remake the magazine, founded at the University in 1925.

Employees who want assistance in learning how to access the new online payslips can do so via the Internet during the months of January, February and March. The demonstrations will show employees how to log in, view and print their payslips by using online training materials located on the Human Resources Web site at http://www.hrs.virginia.edu.

The Women’s Center is seeking nominations for the 2006 Distinguished Alumna award. The award celebrates a U.Va. female graduate who has demonstrated excellence, leadership and extraordinary commitment to her field, and who has used her talents as a positive force for change. A brief letter of nomination and resume is due by Feb. 1 to Virginia Moran, associate director, Women’s Center, P.O. Box 800588, Charlottesville, Va. 22908. Call 982-3946 or e-mail vmoran@virginia.edu for information.


In celebration of Black History month, the Kaleidoscope Center for Cultural Fluency is asking for visual and literary arts and computer and film shorts submissions from the University community. Selected works will be on display at the center’s February exhibition on the third floor of Newcomb Hall. The display, called “Strange Fruit,” will feature works created in response to the book of photographs “Without Sanctuary: Lynching Photography in America.” The Kaleidoscope Center provides opportunities for the University community to learn about, examine and discuss differences and commonalities as a means of better understanding and appreciating each unique individual. Individuals interested in creating a piece for submission are invited to pick up a CD with excerpts from the book in the Office of Student Life, the Office of African-American Affairs or the Newcomb Hall Information Desk. All works must be submitted by Jan. 21 at 5 p.m. to the Office of Student Life. For more information, contact http://thescope@virginia.edu.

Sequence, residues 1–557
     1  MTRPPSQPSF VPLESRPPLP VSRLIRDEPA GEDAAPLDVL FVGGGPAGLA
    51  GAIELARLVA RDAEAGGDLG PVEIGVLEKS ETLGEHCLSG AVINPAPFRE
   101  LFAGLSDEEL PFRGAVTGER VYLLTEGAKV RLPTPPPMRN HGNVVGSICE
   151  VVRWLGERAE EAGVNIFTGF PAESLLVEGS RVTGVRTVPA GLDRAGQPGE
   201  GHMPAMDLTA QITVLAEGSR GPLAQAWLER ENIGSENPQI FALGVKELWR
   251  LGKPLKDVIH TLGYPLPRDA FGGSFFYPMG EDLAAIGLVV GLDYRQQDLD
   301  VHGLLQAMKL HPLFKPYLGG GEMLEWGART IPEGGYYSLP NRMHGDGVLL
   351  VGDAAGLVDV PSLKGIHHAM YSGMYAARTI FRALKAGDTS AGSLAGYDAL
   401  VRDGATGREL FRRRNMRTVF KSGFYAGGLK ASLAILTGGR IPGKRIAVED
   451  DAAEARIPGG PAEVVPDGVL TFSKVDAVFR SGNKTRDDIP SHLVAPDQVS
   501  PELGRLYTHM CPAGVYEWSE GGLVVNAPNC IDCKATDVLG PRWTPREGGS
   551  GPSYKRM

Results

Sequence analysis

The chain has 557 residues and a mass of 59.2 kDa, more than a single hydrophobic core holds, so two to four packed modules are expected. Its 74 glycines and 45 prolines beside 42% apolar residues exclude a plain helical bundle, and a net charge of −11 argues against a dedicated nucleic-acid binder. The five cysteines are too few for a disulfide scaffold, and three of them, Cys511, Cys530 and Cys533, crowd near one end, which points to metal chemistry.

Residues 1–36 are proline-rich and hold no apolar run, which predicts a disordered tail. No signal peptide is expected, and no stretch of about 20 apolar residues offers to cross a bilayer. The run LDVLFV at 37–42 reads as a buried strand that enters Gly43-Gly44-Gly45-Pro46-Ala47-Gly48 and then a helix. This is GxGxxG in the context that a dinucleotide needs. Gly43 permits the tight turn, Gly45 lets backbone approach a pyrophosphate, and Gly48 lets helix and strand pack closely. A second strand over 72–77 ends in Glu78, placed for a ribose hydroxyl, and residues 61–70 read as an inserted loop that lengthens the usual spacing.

Twenty-three Jewish students ages 18 to 26 who have never traveled to
Israel will get the opportunity to make the trek this winter. The students will travel with Birthright Israel, a philanthropic initiative that provides
all-expense-paid educational trips for Jewish young adults. This year, a record number of U.Va. students will participate in the program. Twenty are associated with the University of Virginia Hillel, an organization that provides Jewish cultural, religious, social and community service opportunities for students. The group will travel to Tel Aviv, Jerusalem, Tsfat and the Golan Heights region of Israel. Those with interest in their journey can follow the trip by visiting http://www.uvahillel.org.

William W. Harmon, who was senior vice president in the U.Va. president’s office, has resigned to take a new job as president of Central College in the Houston Community College system.

In his latest position at U.Va., Harmon was responsible for special projects, including fund raising for the new sports arena, and recruitment and retention of minority faculty and students. Harmon served as vice president for student affairs until 2001, having come to U.Va. in 1994 from the University of Pittsburgh, where he was vice chancellor for student affairs.

"Bill Harmon made important contributions to University life during
his tenure, first as vice president for student affairs and most recently, as senior vice president," President John T. Casteen III said. "He has been a leading advocate for student interests, and his thoughtful consideration of difficult issues will have a lasting impact. We wish both Bill and Beverly much success in Houston."

Under Harmon’s tenure, a summer orientation program for new students was implemented; the student health center was renovated and expanded; and a multicultural residence hall, Mosaic House, was opened. Harmon also chaired the president’s task force on alcohol to advance awareness of issues related to alcohol use on Grounds and create positive social and cultural change, such as discouraging the fourth-year fifth. The task force reported a decline in incidents related to heavy drinking two-and-a-half years later.